A week ago the city I’ve known, loved, lived, and grown in was left heartbroken and angry when yet another Black man, George Floyd, was murdered by the police.

The pain of oppression, systemic racism, and the fact that this is still happening in 2020, cried out. Large, impactful, and moving peaceful protests erupted throughout the Twin Cities, and quickly spread across the country.

Somewhere along the way the destruction happened as riots broke out.

Minneapolis burned: small businesses, communities, and families were torn apart by these devastating riots. Likely suspected that white supremacists – from out of state, or even our own backyards – have incited the violence, spread fear, and caused chaos in our city.

Minneapolis skyline at night from The Commons park.

And this is for certain: these cries, the pain, the protests, the anger are valid.

It is time that we all work together to make systemic changes. We come together to fight racism. We have to actively work in our lives to speak up, and we have to vote for leaders who will listen to Black voices, who will help Black communities thrive, and who will actively work towards dismantling systemic racism and commit to anti-racism.

The beauty of anti-racism is that you don’t have to pretend to be free of racism to be an anti-racist. Anti-racism is the commitment to fight racism wherever you find it, including in yourself. And that’s the only way forward.

-Ijeoma Oluo

This past week, through much reflection, I’ve realized that while I have worked and volunteered and sought opportunities to empower Black communities in the past, this support has somehow slipped by the wayside in the past few years.

I’ve let my privilege take over. I chose to fall complacent, more or less, whether unconsciously or not.

My routine was comforting. It felt secure. Teach, blog, sleep, repeat. And while I think teaching and empowering students is critical work, I’m ashamed I let this other important work – the work of actively supporting Black businesses and communities and voices – slip in other areas of my life.

For that, especially to my Black readers, I am sorry. I vow to do better, to have the hard conversations, to educate myself and others about anti-racism, to follow through with action, not just words. I see you, I hear you, I support you.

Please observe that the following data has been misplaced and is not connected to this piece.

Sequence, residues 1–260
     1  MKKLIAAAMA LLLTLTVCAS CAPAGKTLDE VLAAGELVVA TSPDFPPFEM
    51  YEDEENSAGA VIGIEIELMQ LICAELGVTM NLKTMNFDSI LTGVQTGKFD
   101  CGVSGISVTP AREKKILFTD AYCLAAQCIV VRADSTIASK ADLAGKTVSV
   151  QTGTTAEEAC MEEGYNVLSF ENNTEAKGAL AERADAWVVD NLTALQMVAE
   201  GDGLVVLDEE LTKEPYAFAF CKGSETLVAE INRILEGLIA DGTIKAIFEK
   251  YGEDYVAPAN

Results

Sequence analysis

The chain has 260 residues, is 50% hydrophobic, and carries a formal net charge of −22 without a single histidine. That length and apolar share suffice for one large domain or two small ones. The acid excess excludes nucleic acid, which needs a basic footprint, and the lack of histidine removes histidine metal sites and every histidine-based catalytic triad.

I commit to actively working to dismantle systemic racism and white supremacy in our society and communities.

I know this is going to mean accepting imperfection, too. The more one learns, the more one grows, and the better one can do.

This post is going to be actively updated to add to the list of ways to support the Black community here in Minneapolis. If you’re not in Minneapolis, I urge you to find Black owned restaurants and small businesses in your own city to support.

I’m also including educational resources I’ve found useful, for personal work, wherever you might be. There is so much out there, it’s important you do your own research to find what fits best with where you are in your own journey of addressing white privilege and committing to anti-racism.

view of Minneapolis skyline from Stone Arch Bridge

Allyship is not a one week performative act. It’s a lifetime commitment. to educating yourself, listening to constructive criticism, learning from your mistakes, doing your research, and staying aware.

-Candace Reels (@candacereels), via @femalecollective

Comprehensive Lists with Actionable Steps for White People

This list is incredibly comprehensive, full of resources for how to help the Minneapolis protests and community right now.

Ways to Support The Movement Right Now

Donate to black-led anti-racism initiatives and Minneapolis relief efforts:

Can’t donate? Play this Youtube video in the background and let the ad revenue donate for you! Remember to click away and come back to it once the video is done to make sure the ad views are counted again.

Black Owned Restaurants and Small Businesses to Support in Minneapolis


Find a much more comprehensive restaurant list here.

Small Businesses

Ways to Support the Black Food Community

  • Zestful Kitchen put together an amazing collection of cookbooks by Black authors
  • Check this article from Eater for groups to support to see land and food justice for Black Americans.
  • Read this Instagram post from @hailethomas to educate yourself on dietary racism (and check out her other amazing work).
  • Follow, engage with, and share Black food bloggers, photographers, and their recipes.

Don’t forget to VOTE!

Additional Resources: